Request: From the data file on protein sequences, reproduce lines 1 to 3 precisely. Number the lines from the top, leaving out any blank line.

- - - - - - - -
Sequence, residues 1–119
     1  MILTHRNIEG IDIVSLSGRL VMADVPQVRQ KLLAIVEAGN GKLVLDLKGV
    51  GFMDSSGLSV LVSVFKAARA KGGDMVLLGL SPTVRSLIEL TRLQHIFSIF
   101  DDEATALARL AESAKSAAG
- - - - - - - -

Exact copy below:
Sequence, residues 1–119
     1  MILTHRNIEG IDIVSLSGRL VMADVPQVRQ KLLAIVEAGN GKLVLDLKGV
    51  GFMDSSGLSV LVSVFKAARA KGGDMVLLGL SPTVRSLIEL TRLQHIFSIF